• Officers scuffle with detainee in Ferguson, Mo. jail. After subduing detainee, officers continue to kick and beat him. Blood gets on the officers’ uniforms, so the detainee is charged with damaging property—among other things. Detainee sues, alleges excessive force. Eighth CircuitContra the district court, a concussion, scalp laceration, and bruising cannot be considered de minimis for qualified immunity purposes.

• Convict to judge: I hope you die slowly of a painful disease. U.S. Marshals to convict: We’re going to arrange for you to be mistreated. Eighth Circuit: No qualified immunity for the marshals. Fun fact: If you get invited to a “blanket party,” do not go.

• Hawaiians challenge the “cabotage” requirement of the Jones Act, under which all shipping between domestic ports must be carried out by ships made in America and owned by Americans, alleging that it forces them to pay higher prices for goods. Ninth Circuit: Even if you had standing, which you don’t, you would still lose.

Worth a scan on Fridays. Sign up today!

Trump: Bush’s Stalking Horse?

In my interrogatories about Trump a week ago, I asked Trump enthusiasts the following question:

Are you happy that Trump is essentially a stalking horse for Jeb Bush? If Trump wins some early primaries in a crowded field it will be with less than 20 percent of the vote, but it will likely cause the party establishment—such as still exists—to rally around Bush, just as Democrats rallied to Michael Dukakis in 1988 after Jesse Jackson swept a round of Super Tuesday primaries in the South and caused panic at DNC headquarters.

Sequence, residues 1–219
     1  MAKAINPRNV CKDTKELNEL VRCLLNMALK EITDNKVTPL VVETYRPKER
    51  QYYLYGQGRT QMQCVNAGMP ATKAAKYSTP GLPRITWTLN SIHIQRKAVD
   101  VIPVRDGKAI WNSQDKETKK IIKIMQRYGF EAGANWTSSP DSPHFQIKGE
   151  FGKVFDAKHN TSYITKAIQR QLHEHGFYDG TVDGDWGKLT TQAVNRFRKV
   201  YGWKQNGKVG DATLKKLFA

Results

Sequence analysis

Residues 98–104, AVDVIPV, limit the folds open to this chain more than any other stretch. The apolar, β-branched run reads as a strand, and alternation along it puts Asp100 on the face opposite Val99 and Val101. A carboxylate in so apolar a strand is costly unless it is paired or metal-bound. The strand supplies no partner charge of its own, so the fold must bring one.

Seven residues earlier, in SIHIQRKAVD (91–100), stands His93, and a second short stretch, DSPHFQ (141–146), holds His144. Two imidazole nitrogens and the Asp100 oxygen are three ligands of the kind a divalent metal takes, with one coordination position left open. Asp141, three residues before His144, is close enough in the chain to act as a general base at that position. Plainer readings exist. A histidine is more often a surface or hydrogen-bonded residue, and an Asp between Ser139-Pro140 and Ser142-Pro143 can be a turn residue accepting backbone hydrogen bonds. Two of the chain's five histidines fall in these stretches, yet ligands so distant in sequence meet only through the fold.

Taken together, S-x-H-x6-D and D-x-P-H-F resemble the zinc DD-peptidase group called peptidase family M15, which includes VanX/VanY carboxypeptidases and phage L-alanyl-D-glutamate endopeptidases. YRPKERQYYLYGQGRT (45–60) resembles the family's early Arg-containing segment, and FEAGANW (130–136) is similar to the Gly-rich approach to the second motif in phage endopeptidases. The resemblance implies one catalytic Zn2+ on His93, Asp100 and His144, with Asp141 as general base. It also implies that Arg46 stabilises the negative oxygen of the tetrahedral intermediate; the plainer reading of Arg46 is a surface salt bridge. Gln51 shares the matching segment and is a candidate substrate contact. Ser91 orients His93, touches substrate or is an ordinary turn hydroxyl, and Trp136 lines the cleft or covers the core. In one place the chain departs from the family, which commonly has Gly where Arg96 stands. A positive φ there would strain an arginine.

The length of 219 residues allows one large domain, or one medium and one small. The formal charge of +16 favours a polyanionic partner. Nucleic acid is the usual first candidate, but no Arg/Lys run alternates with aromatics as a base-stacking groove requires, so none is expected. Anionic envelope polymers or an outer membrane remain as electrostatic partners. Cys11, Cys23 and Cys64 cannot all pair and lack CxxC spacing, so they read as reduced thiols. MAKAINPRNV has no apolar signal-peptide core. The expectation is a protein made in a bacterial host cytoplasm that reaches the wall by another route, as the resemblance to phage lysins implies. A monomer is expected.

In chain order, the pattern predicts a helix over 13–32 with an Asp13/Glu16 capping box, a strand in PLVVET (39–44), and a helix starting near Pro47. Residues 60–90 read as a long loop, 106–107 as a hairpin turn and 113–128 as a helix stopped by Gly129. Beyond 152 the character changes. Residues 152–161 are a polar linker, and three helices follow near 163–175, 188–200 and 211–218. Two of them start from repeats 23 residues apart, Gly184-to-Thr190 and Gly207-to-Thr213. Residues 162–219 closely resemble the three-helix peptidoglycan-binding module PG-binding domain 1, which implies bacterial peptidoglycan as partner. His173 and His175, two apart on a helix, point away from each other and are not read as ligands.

The New York Times reports today:

Donald J. Trump’s surge in the polls has been met with barely concealed delight by Jeb Bush and his supporters. Mr. Trump’s bombastic ways have simultaneously made it all but impossible for those vying to be the alternative to Mr. Bush to emerge, and easier for Mr. Bush, the former Florida governor, to position himself as the serious and thoughtful alternative to a candidate who has upended the early nominating process. . .

“The longer it goes, the greater the panic is going to build,” said Alex Castellanos, a longtime Republican strategist. “And that means you may not have the luxury to flirt with an undeveloped, budding candidate. Trump has set the Republican Party on fire, and if you’re going to put that fire out you don’t have time to waste. You’re going to have to grab the biggest blanket you got and throw it, and right now that’s Jeb.” . . .

Privately, Mr. Bush’s top strategists, who have become increasingly fixated on halting Mr. Walker, believe that Mr. Trump is nothing short of a godsend. That is because Mr. Trump is drawing support from voters — blue-collar, less-educated, more conservative — who are unlikely ever to support Mr. Bush but are essential to Mr. Walker’s candidacy.

Remember, Power Line was there first.

How would a Biden campaign play out?

If it really was Beau Biden’s dying wish that Joe Biden run for president, then Joe has a powerful incentive to enter the race, especially since Hilary has yet to show any sign of invincibility. Moreover, as Scott notes, regardless of what Beau did or did not say, the fact that Biden is putting this story out amounts to strong evidence that he’s considering a run.